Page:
Traces of Radiation from Japan Nuclear Plant Found in US Rain

WASHINGTON — Traces of radioactivity from damaged nuclear power facilities in Japan have been detected in rainwater in the northeast United States, but pose no health risks, officials said.


The Environmental Protection Agency, in an update Sunday, said it had received reports of "elevated levels of radiation in recent precipitation events" in Massachusetts and Pennsylvania and that it was "reviewing this data."

The EPA has been monitoring radiation from the Fukushima nuclear plant in Japan, and had previously detected "very low levels of radioactive material" in the United States, while saying that these "were expected" and that "the levels detected are far below levels of public health concern."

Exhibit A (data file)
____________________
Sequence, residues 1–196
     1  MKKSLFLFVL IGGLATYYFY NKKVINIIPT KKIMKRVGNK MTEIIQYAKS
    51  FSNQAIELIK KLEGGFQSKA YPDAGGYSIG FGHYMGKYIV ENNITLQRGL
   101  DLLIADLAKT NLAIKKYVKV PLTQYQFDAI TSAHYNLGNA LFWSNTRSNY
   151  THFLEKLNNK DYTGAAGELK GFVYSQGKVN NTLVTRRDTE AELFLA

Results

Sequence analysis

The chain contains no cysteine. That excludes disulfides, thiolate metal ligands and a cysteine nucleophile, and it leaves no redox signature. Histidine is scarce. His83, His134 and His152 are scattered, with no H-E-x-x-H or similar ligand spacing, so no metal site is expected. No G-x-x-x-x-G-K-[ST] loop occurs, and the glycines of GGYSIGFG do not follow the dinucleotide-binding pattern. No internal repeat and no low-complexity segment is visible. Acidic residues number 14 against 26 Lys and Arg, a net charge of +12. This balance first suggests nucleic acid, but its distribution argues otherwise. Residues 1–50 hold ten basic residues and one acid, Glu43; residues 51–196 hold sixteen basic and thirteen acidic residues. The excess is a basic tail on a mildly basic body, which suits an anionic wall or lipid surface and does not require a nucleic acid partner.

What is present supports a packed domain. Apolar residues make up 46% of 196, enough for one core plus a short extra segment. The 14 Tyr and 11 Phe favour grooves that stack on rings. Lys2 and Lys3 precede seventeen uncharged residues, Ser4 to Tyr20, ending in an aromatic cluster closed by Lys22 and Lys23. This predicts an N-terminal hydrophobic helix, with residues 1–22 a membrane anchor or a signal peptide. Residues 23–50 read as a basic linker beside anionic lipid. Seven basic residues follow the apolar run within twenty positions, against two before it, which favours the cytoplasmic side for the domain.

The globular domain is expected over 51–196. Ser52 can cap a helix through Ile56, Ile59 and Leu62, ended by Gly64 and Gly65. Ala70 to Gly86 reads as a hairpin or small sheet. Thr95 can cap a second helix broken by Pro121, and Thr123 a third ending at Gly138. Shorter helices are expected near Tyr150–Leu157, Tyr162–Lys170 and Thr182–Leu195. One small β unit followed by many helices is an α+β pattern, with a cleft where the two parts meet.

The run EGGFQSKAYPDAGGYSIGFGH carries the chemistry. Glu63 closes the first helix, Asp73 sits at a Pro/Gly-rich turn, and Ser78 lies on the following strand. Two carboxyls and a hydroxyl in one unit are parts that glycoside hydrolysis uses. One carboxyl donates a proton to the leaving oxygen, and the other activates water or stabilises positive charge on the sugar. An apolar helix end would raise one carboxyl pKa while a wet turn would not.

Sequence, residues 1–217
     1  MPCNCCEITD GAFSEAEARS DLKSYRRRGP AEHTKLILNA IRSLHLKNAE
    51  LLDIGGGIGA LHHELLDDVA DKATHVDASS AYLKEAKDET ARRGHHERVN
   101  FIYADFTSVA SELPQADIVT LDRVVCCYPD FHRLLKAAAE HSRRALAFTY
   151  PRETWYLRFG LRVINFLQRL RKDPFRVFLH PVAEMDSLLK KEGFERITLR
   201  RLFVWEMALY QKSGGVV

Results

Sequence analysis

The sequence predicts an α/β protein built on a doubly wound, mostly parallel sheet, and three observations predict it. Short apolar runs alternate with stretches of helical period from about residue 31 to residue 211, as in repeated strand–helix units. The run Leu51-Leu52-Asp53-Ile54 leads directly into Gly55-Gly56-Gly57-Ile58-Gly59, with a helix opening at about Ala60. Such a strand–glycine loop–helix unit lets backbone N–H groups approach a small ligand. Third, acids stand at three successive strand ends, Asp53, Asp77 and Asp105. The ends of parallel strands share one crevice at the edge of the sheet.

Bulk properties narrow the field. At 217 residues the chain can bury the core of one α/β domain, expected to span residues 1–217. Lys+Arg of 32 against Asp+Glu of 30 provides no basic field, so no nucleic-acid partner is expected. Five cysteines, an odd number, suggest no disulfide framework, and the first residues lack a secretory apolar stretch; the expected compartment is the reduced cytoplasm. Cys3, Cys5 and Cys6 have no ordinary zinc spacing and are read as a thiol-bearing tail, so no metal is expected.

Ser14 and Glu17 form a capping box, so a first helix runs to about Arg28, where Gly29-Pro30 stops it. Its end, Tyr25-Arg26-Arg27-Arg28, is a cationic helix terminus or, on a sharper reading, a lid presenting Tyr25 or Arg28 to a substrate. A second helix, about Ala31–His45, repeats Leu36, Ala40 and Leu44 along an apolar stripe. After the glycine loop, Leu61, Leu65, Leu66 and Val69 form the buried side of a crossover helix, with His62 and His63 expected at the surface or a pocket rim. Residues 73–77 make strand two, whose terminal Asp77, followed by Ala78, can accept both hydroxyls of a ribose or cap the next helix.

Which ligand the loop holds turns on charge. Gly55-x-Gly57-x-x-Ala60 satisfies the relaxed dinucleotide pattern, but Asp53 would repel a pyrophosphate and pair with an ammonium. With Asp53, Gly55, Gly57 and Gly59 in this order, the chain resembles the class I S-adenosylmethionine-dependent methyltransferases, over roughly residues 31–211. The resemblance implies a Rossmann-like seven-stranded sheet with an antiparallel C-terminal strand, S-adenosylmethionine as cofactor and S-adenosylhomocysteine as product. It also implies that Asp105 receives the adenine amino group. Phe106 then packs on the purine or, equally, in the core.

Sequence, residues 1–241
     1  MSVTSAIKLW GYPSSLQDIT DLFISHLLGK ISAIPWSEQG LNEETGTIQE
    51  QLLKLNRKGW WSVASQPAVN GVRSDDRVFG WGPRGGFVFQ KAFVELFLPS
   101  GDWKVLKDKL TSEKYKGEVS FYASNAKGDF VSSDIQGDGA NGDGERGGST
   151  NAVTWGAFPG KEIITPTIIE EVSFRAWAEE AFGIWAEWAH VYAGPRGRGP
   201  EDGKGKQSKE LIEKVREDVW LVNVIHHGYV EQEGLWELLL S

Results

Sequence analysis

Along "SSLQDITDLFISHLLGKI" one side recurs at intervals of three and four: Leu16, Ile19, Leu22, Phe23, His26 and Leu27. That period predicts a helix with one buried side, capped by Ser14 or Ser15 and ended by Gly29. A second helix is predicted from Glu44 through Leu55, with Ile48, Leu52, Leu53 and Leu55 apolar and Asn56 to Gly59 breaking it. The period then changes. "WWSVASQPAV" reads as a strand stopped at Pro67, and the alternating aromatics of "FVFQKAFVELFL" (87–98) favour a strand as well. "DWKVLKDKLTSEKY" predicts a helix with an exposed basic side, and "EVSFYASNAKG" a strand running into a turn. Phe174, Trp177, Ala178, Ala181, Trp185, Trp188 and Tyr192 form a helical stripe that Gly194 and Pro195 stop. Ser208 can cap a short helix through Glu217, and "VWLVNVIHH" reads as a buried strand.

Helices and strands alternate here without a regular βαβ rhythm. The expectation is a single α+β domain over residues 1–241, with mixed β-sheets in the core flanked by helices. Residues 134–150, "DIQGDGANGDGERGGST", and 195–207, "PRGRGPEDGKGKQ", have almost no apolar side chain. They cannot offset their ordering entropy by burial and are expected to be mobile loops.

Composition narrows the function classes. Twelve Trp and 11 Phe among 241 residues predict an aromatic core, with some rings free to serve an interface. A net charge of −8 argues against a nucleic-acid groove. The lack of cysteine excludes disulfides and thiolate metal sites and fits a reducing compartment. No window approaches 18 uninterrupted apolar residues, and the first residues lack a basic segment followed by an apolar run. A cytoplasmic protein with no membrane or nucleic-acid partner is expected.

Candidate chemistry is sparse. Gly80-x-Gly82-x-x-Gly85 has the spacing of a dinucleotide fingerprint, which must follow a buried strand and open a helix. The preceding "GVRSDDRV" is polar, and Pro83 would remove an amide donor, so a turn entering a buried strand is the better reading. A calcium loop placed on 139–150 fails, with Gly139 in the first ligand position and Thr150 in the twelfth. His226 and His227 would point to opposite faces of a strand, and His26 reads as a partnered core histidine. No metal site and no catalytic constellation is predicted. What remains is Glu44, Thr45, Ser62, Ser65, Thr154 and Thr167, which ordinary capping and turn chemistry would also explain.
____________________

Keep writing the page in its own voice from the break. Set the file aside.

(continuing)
"Elevated levels of radioactive material in rainwater have been expected as a result of the nuclear incident after the events in Japan since radiation is known to travel in the atmosphere," the EPA added.

The agency has stepped up its monitoring of precipitation, drinking water, and other potential exposure routes for radiation as a precaution.

Last week, EPA cited "minuscule levels of an isotope that were consistent with the Japanese nuclear incident," that also posed no "concern for human health."

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